deep-purple-water-lilies-pictureThe priest was very stern with all of us that Sunday: “Don’t think that you can come to church and be pious; and, then, walk out of here and treat your brothers and sisters like dirt, that you can be mean and greedy and angry and selfish – and, then, waltz right back in here next Sunday – and feel that you are a good Christian. You are not.”

He was angry. I don’t know what set him off, but something did. This was the most vehement homily I had ever heard. He continued: “Your life is out there, outside these doors. That’s where you need to be a model of Christian behavior – that is where you will be seen, with your brothers and sisters, friends and neighbors, the poor and needy, the grieving and confused. ‘Love one another as I have loved you.’ That is the Christ message and you need to do that to be a good Christian.”

He left us with this instruction: “Go out there and live your life as if God was watching every minute – because He is. When you meet someone who needs your help, give it. When you see someone who is in distress, comfort them. When you know that someone needs to know you love them, tell them.”

Finally – “Do not rest until someone says, ‘I see the Face of Christ in you.’”

What do you say to that?

I thought to myself, “No one goes around telling people that they see the Face of Christ in them. How on earth do I do that?”

I left church that day and didn’t give it another thought. I was having a hard time that summer – it was all I could do to stay present to my own faith and hope and turning my life around as everything seemed to go wrong around me. I had rented my apartment and was staying at my brother’s farm in New Jersey until I could create something new for myself. But, it seemed that, everywhere I turned, something was falling apart. The last straw came when my laptop computer, from which I did all of my business, crashed and burned. That’s almost literal – there was a strange, smoky smell coming from it as it wound itself down into blackness.

I felt as if I had nothing more to lose.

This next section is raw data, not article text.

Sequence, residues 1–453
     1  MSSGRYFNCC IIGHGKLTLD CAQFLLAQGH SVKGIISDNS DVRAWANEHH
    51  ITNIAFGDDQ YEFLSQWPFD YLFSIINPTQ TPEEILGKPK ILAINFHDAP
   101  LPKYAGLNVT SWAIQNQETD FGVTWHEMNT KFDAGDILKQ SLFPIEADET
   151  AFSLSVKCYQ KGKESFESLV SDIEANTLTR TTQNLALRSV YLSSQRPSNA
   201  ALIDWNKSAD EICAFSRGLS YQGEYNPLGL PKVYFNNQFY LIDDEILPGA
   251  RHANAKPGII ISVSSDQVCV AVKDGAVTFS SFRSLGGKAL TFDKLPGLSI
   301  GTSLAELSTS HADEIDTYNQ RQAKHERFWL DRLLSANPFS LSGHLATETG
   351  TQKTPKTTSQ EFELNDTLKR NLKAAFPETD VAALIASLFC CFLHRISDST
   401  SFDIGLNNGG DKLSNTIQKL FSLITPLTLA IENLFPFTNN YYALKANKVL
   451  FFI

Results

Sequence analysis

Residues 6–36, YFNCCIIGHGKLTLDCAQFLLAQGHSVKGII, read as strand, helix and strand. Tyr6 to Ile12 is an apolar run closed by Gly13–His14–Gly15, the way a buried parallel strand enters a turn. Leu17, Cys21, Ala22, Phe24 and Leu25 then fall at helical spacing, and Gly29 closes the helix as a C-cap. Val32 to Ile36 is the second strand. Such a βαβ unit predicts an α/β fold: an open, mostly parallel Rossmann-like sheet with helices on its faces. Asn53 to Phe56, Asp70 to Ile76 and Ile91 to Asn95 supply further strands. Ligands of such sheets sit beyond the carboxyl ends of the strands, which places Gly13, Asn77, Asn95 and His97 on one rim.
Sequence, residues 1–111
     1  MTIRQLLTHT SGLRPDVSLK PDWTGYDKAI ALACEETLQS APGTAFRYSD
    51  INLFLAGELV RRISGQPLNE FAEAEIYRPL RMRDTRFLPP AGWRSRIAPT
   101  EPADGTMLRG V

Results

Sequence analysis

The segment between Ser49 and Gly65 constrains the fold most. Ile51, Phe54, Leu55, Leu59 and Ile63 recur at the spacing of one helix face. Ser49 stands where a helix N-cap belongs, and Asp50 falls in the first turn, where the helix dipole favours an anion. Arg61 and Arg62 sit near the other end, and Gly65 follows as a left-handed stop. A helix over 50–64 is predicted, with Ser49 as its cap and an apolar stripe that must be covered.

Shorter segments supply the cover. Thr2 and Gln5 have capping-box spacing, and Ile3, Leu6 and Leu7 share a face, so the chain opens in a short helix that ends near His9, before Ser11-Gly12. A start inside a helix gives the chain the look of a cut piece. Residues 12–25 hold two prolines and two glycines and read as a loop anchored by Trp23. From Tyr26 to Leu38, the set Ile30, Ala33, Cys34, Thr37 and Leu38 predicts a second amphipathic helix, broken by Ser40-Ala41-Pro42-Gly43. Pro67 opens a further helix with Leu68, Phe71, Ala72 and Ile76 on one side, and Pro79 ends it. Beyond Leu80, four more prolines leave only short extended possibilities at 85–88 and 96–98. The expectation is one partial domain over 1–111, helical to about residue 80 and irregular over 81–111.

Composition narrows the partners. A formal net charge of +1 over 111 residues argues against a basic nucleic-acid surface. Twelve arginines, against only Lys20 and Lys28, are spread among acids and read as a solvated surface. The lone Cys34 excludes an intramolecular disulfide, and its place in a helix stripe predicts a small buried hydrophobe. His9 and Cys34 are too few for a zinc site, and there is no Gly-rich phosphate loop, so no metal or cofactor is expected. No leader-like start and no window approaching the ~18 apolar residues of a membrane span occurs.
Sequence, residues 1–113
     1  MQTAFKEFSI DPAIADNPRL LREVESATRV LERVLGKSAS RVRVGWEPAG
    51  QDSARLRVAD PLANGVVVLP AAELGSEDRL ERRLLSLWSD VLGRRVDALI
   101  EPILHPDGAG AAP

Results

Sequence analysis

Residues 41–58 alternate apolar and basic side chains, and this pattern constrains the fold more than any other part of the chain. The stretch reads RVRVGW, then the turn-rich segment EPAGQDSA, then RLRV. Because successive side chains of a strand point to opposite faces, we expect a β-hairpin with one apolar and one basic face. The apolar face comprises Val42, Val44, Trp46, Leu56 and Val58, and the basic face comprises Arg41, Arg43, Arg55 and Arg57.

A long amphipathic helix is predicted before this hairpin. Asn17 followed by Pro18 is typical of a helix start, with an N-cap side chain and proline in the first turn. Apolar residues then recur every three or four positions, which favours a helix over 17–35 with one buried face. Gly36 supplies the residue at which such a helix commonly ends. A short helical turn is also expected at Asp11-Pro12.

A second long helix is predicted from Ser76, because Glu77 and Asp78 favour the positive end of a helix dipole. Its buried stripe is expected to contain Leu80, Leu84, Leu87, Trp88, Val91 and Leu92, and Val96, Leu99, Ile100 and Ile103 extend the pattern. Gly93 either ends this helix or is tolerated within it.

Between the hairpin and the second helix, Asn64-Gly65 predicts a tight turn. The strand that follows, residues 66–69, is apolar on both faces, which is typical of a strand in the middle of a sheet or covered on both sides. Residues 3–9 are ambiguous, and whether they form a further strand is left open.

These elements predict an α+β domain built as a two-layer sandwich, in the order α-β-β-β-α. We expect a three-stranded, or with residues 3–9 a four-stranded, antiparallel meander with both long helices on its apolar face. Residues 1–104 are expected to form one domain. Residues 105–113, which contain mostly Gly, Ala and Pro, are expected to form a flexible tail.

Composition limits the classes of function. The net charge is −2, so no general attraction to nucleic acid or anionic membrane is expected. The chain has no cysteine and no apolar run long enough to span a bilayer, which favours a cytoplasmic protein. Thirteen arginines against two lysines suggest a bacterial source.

That wasn’t true, of course. I had my son’s jeep for the summer and had called old friends to catch up – the ones who lived in New Jersey, anyway. Now that I had a car and could travel, I called everyone I knew and made plans to see them.

One of the people I called was my friend, Diane. I had met her on a trip we took to Cambodia in 2007 with a group of film makers who had created the documentary, “New Year Baby,” about a friend’s family that fled the Khmer Rouge in Cambodia to settle in the United States.

It was a glorious trip, visiting all the temples out of Siam Reap, going on safari in the Cambodian countryside to see things most visitors don’t see – the old monks in the village who didn’t know how old they were, the young children running in the streets, trying to sell bags and jewelry to make enough money to go to school, the boat ride in the Mekong River where Cambodia and Vietnam meet, to see the people who live on the boats and almost never come on land.

One pre-dawn morning in Northern Cambodia, sitting on the stones at the bottom of a temple, up which all our fellow travelers had climbed to see the sun come up, I looked over at a tree – and I could swear I saw the side of the tree branches in the shape of Christ’s face. I called over to Diane and her cousin, Heather. They saw it, too. As the sun grew brighter, the face melted into the branches and was no more. The three of us looked at each other – we knew we had seen something special.  We didn’t speak of it to anyone.

In New Jersey, these years later, I called Diane to have dinner together. After much getting lost and traveling around in circles, we found each other and settled in at a restaurant bar midway between her house and my brother’s house.